One of my favorite quotes is “If you’re not happy, it‘s not worth it.” I tell myself on a daily basis that if I’m not happy, it is not worth it. It can be anything from a job to a friendship/relationship to even a simple dinner.
Happiness is truly underrated. I think we should take more cues from our happiness. Our mental health, our physical health and our lives are truly at stake over the time we put off our own happiness.
That’s why I think so many people fail at dieting – they are simply not happy. If you look at most diets, they take away the fun foods. Carbs: mashed potatoes, french fries, bread; Sugars: cake, pastries, jams; Red Meat: steak. Need I say more? You put me on one of those diets that takes away even one of these food groups, and I’m immediately desperate for that food group. I’m not happy and I’m hungry – not a good set up…
But let’s consider the other options… A) Failed Dieting. Is there anything worse than failed dieting? Yes, there is. But failed dieting has to be up there. Not only did you not lose weight – in fact, you may have actually gained weight – and you’re unhappy because you’ve been starved of the very food you’ve craved for the last X number of days or weeks or months. B) Exercise. But if you’re going to eat what you want, you’ve got to exercise daily. I’m a fan of the 5 on, 2 off rule. I need days off… so everyday exercise, not an option. C) Ignoring weight. This isn’t an option, honestly. Our health is too important to choose to ignore our weight.
But there’s another option. An option that is too often overlooked. How about choosing an individualized “diet” that works for you. For instance, I love dinnertime. My dinner is often a big meal: a plate full of meat, veggies, carbs, plus a salad, wine and sometimes dessert. I do not skimp on dinner. But breakfast and lunch? Give me a cup of coffee and then a smoothie, and I’m good to go. I have a desk job, which means I don’t burn a ton of calories during the first 9 hours of my day. I need enough energy to not fall asleep at my desk, but not too much energy otherwise I’m biting my fingernails and hating the fact that I’m not doing something physical.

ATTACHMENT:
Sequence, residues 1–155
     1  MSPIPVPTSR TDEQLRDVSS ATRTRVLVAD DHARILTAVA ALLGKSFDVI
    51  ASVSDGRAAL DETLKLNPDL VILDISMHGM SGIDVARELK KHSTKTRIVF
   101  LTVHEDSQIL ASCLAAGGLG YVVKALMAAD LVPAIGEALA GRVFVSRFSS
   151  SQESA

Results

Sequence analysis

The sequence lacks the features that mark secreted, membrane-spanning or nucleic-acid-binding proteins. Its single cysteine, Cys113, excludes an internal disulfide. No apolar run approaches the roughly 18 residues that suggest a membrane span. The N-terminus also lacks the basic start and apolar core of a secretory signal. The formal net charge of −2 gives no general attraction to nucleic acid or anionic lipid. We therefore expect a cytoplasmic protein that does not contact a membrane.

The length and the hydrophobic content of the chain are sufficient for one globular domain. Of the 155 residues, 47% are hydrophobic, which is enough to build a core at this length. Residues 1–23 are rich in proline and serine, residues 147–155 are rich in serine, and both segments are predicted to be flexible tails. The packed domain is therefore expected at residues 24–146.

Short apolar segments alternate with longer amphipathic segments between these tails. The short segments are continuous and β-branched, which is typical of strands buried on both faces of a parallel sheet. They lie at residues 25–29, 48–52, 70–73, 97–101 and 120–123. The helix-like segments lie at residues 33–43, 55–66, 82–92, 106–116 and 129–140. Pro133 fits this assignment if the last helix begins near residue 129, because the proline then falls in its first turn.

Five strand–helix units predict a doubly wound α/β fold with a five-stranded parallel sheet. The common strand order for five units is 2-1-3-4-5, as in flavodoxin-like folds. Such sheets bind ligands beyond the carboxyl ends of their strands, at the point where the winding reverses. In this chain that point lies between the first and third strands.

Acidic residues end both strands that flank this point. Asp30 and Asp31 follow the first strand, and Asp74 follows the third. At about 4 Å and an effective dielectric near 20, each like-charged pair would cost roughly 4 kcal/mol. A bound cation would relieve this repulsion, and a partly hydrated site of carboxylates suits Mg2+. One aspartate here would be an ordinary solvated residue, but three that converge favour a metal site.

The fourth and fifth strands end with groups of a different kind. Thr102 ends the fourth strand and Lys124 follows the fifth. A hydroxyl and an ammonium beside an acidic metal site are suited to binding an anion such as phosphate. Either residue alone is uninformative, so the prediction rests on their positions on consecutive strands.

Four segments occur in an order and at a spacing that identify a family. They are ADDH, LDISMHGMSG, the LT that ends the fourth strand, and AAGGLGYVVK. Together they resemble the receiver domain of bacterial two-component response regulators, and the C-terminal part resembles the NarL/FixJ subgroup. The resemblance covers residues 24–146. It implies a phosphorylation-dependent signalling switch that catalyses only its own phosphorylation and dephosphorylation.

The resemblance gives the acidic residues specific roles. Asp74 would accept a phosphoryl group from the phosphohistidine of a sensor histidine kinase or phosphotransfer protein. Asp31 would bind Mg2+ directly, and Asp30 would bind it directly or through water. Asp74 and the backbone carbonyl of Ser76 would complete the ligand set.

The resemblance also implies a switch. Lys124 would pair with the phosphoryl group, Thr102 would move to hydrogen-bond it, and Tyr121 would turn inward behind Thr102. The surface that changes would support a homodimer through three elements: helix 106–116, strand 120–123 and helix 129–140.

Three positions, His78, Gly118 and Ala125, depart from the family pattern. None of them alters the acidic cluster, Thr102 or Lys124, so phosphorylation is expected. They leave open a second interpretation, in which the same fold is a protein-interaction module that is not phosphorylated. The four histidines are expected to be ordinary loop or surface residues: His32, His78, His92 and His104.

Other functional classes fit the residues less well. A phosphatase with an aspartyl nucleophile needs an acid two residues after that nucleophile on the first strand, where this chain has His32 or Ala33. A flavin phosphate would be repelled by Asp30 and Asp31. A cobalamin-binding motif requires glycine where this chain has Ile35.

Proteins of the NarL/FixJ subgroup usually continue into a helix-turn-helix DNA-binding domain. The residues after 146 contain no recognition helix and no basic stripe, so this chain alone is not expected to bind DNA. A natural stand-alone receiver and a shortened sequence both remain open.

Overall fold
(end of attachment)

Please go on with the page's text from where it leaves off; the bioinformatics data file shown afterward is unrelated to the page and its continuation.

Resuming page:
But what works for me will not work for others. We read these books and listen to Dr. Oz but we never stop to think that we are all different people. We are quite literally made of different DNA, with different schedules and different needs. We need to take that into consideration for not only our diets, but our entire lives.
Everyone thinks that more money will make them happier. And while that may be true in some cases, it’s certainly not true in others. Accountants and engineers make a lot of money, but many times they work really long hours and under a lot of pressure. What’s all that money worth, if at the end of the day, they’re too tired to enjoy it (Note: this is not true for all engineers and accountants)?
My friends and I were talking over the holiday weekend about a myriad of things: from jobs to relationships to physical things. I re-quoted my favorite quote several times: If you’re not happy, it’s not worth it.
Obviously this is not the perfect quote. There are times that marriages are not going to be perfect and there will be days and maybe weeks or months that are tough to handle, but that doesn’t mean you leave, give up or rush to divorce.
At the end of the day, if you are not overall happy with your life, then what is worth it? What is worth being unhappy constantly? There are too many things that we do not have control over. We cannot control if we get a debilitating disease early in life that takes away our freedom to walk and do human things by ourselves. We cannot control if we get hit by a drunk driver or a distracted driver and lose a limb, get paralyzed or some other truly horrifying circumstance. We cannot control if we get one of the hundreds of types of cancers or life-threatening diseases that can take away our health for months or life.